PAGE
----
Corps Plans to Test Faster Deployment Capabilities

The use of Bollinger / Incat USA chartered 96 metre Joint Venture HSV-X1 by the United States military is an indicator of how the concept of high speed craft as a multi mission platform is rapidly being embraced by military forces around the world.

In a recent article, reproduced below, Sergeant John Sayas Combat Correspondent, reports on the continuing mission to explore the capabilities of HSV-X1

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The High Speed Vessel Joint Venture will be under the watchful eye of Marine Corps operational commanders as they explore its potential operational and tactical roles for the first time during exercise Battle Griffin-02 in Norway March 7-14. The vessel and its crew, based at Naval Amphibious Base Little Creek in Norfolk, Va., left port Feb. 5 for Blount Island, Fla., and Morehead City, N.C., and Rota, Spain, to embark troops and equipment before traveling to Norway.

Joint Venture
, also known as HSV-X1, is a 313-foot, wave-piercing catamaran built by Incat Australia Pty, Ltd., the world’s leading producer in high-speed passenger and vehicular vessels. Three of Incat’s ships, which have the capability of traveling in excess of 40 knots in heavy seas and relatively shallow waters, have held records for the fastest crossing of the Atlantic Ocean.

It is the Navy’s first high-speed vessel and has been operated and tested jointly by a Navy and Army crew since March 2001. The Navy modified the leased Australian commercial vessel, once used as a high-speed passenger and automobile ferry, with an advanced hull and propulsion technology capable of carrying about 350 fully-equipped Marines and more than 450-tons of light-armored personnel carriers, trucks and equipment. In addition to its high speed, the HSV-X1 has roll-on/off ramp allowing quick and efficient load outs and equipping. It also has a flight deck that would be used as a sea-based medical platform and for other taskings received from the Marine Air-Ground Task Force commander, according to Maj. Lawrence Ryder, JHSV project manager.

Another feature the HSV has is a shallow draft along with a high-powered water jet propulsion system, which can give the HSV more flexibility and allow better maneuverability in ports larger ships do not have access to, said Ryder. This gives commanders more ground for unloading troops and equipment around the world. “With this kind of capability, we can run in and get out quickly,” said Ryder.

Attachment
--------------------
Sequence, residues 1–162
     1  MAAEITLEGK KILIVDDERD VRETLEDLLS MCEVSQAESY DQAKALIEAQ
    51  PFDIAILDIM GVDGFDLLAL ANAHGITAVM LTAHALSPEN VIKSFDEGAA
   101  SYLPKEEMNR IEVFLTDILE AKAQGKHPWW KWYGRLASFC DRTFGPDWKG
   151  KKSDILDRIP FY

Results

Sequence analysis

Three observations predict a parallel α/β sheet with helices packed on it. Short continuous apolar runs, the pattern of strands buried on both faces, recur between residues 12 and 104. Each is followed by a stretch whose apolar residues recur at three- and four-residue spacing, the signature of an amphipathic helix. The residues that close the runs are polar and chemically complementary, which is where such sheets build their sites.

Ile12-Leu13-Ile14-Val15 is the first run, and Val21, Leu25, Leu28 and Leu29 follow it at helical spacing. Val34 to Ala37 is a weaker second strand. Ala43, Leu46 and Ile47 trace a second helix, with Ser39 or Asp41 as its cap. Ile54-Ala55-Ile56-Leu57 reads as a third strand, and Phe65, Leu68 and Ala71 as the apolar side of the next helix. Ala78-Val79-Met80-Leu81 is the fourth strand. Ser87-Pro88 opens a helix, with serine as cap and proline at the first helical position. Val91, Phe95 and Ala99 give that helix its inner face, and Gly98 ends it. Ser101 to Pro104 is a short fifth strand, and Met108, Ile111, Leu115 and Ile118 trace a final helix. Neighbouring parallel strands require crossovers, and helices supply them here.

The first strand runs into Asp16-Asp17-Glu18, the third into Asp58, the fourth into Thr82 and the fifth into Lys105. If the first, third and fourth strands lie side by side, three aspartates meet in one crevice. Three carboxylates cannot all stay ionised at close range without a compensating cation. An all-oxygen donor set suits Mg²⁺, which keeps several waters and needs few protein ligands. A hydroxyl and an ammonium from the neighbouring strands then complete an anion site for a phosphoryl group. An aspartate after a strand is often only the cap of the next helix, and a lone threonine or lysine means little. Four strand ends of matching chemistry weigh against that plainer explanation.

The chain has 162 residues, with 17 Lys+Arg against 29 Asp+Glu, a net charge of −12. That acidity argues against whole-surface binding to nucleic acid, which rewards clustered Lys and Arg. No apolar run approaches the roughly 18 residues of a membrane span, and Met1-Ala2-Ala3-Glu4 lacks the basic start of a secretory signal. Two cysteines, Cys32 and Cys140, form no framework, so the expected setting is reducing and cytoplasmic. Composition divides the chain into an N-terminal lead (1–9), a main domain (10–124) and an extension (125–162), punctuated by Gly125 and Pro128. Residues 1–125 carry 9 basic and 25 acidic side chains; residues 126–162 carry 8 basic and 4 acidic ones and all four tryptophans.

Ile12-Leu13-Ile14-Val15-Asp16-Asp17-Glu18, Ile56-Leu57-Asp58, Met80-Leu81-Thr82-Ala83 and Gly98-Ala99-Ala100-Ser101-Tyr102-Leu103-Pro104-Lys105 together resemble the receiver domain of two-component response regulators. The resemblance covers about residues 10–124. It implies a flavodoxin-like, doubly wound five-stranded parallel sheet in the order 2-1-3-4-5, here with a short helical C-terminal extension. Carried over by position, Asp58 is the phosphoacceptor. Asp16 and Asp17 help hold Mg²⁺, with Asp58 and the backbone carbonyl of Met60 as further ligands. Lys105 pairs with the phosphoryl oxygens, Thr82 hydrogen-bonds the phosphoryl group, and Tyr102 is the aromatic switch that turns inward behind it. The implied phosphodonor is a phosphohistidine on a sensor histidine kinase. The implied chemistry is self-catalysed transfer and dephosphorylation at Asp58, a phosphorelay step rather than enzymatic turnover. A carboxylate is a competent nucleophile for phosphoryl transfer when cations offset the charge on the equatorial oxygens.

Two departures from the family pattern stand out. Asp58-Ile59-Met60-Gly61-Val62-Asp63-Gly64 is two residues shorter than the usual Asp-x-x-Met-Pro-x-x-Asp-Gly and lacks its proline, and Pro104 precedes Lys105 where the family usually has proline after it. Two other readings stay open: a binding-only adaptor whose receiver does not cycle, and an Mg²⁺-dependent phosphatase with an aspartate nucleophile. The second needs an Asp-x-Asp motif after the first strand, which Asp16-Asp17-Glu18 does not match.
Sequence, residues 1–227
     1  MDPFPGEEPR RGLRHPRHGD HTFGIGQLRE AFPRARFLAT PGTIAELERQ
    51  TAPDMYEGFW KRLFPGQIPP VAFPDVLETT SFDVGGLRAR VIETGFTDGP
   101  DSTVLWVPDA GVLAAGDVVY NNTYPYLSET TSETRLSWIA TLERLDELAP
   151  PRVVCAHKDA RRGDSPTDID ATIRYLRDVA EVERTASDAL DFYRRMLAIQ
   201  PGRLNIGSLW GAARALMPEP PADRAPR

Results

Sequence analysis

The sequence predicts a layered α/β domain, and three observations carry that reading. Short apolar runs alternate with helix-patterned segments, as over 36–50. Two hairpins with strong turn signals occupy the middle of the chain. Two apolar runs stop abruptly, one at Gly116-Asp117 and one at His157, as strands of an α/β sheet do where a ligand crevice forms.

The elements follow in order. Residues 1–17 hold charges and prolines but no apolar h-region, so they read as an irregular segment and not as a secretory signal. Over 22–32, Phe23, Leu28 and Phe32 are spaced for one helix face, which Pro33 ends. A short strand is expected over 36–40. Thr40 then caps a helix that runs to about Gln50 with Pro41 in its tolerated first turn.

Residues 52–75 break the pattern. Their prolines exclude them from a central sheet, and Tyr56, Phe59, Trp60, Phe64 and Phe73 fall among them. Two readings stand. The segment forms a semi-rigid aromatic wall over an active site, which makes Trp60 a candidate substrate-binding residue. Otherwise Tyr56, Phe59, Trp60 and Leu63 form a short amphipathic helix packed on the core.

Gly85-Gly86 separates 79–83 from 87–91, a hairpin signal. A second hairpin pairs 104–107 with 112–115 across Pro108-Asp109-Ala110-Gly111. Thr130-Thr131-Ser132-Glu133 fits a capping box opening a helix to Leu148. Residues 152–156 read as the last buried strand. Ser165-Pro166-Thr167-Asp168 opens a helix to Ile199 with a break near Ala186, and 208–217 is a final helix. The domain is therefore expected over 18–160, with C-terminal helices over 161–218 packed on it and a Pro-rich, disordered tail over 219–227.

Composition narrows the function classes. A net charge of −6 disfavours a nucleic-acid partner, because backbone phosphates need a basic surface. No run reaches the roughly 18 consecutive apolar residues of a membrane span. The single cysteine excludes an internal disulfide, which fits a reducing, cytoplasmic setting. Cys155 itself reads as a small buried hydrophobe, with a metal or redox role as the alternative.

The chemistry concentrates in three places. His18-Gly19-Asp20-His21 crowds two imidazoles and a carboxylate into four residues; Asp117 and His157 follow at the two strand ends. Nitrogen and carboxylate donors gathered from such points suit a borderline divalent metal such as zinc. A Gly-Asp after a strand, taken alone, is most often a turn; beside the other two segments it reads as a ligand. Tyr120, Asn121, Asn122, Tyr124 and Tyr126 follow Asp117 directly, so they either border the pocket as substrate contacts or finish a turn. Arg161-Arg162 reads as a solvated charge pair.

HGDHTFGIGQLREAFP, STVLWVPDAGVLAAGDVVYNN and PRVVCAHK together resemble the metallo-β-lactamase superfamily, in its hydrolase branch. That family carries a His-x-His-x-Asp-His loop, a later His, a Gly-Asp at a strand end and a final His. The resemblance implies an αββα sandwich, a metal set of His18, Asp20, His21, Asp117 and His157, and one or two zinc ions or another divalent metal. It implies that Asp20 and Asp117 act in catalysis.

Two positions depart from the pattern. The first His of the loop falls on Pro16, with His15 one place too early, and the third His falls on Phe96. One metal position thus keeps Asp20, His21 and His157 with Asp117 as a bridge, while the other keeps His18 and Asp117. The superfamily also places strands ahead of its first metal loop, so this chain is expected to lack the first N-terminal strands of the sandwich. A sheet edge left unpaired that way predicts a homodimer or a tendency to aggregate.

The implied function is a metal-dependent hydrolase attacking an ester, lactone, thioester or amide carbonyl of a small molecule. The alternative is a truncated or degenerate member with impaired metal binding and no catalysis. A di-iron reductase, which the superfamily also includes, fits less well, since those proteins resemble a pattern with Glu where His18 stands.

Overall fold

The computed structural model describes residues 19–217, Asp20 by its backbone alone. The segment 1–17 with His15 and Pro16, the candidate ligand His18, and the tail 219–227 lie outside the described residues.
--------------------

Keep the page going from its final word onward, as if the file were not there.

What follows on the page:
Battle Griffin will give the Marine Corps a chance to explore for the first time, the employment of the HSV-X1 in an inter-theater deployment role and utility of the HSV technology during expeditionary maneuver warfare.

Commanders will also assess how the vessel will impact operations with personnel and equipment during support deployment, employment, sustainment and redeployment of a MAGTF in a cold environment. The exercise will provide valuable insight and feedback on the capabilities and any additional requirements for potential procurement and development of the vessel in the future.

HSV-X1 will be used as a platform to test various concepts, such as its ability to move equipment via coastal routes from an arrival port in Southern Norway to the exercise in northern Norway, and the movement of equipment and Marines within the exercise area. Some of the HSV-X1’s other operational roles during Battle Griffin include replenishment and re-supply at sea; special insertion and redeployment operations; reconnaissance; command and control; anti-submarine and mine warfare; humanitarian assistance and evacuation; surface warfare and force protection.

Ryder said Marine Corps commanders gained some interest in the vessel after seeing it used for logistical operations between Australia and East Timor during a two-year charter to the Royal Australian Navy. The HMAS Jervis Bay quickly transported large numbers of troops and equipment as part of the United Nations Transitional Administration during the East Timor crisis in 107 trips covering over 100,000 nautical miles. It carried over 20,000 passengers, 430 military vehicles and shipped over 5,600 tons of equipment traveling at an average of 43 knots fully loaded. It traveled 430 nautical miles between Darwin, Australia and Dili, East Timor in under 11 hours.